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Software, Theory of Computation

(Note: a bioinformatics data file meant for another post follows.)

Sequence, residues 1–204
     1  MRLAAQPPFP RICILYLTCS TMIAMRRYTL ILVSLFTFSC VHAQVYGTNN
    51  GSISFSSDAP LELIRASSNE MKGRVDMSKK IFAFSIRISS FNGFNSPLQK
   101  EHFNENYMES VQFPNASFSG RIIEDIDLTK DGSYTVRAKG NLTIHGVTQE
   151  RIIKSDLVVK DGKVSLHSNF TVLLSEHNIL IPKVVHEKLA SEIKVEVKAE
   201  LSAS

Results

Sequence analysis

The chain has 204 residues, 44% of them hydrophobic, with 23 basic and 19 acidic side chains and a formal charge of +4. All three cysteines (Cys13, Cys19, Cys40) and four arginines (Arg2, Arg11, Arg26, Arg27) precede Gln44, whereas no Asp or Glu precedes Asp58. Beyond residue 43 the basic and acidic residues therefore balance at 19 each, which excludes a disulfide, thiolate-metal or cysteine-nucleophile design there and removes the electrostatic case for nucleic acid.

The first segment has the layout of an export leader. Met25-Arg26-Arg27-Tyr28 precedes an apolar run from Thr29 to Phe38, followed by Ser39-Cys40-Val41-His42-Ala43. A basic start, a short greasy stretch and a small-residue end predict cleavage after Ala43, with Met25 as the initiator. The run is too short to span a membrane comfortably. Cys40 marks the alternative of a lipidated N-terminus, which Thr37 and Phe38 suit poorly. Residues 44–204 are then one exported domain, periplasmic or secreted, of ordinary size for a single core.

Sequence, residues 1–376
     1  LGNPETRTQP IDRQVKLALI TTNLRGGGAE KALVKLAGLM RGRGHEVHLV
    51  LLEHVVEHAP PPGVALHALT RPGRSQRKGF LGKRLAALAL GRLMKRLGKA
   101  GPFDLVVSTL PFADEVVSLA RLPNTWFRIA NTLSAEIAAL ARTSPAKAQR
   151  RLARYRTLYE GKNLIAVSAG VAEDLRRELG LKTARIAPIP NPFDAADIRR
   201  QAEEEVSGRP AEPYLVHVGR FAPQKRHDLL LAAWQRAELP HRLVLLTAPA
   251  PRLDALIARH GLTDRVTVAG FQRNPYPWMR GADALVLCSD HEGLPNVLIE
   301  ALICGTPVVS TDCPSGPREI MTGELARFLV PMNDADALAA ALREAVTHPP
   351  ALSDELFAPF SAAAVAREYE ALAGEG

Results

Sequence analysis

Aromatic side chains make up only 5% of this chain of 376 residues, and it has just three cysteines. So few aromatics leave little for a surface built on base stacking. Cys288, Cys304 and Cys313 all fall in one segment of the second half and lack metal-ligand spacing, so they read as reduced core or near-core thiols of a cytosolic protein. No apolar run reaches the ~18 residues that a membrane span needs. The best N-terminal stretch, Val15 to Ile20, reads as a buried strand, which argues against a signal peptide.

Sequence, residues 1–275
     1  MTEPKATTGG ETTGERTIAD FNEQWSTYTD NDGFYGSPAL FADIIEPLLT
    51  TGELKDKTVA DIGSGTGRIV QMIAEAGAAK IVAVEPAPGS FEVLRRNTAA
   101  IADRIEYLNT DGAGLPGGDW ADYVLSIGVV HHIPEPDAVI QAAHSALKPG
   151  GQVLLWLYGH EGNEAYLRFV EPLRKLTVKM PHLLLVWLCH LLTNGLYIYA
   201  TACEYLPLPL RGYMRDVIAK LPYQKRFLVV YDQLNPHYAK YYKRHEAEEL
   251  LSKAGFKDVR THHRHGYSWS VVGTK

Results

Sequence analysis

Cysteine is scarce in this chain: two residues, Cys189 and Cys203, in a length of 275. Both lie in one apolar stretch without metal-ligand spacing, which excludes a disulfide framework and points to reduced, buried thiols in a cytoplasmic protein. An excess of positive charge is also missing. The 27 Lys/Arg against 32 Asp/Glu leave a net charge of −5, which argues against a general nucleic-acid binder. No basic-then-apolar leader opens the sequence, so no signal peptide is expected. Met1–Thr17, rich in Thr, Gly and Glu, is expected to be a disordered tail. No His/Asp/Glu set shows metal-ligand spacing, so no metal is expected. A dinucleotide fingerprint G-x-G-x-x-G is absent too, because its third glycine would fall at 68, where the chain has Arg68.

What we call a ``higher-order method'' (HOM) is a method that makes mandatory calls to other dynamically-dispatched methods. Examples include template methods as in the Template method design pattern and notify methods in the Observer pattern. HOMs are particularly difficult to reason about, because standard pre- and postcondition specifications cannot describe the mandatory calls. For reasoning about such methods, existing approaches use either higher-order logic or traces, but both are unintuitive and verbose. We describe a simple, intuitive, and modular approach to specifying HOMs We show how to verify calls to HOMs and their code using first-order verification conditions, in a sound and modular way. Verification of client code that calls HOMs can take advantage of the client's knowledge about the mandatory calls to make strong conclusions. Our verification technique validates and explains traditional documentation practice for HOMs, which typically shows their code. However, specifications do not have to expose all of the code to clients, but only enough to determine how the HOM makes its mandatory calls.

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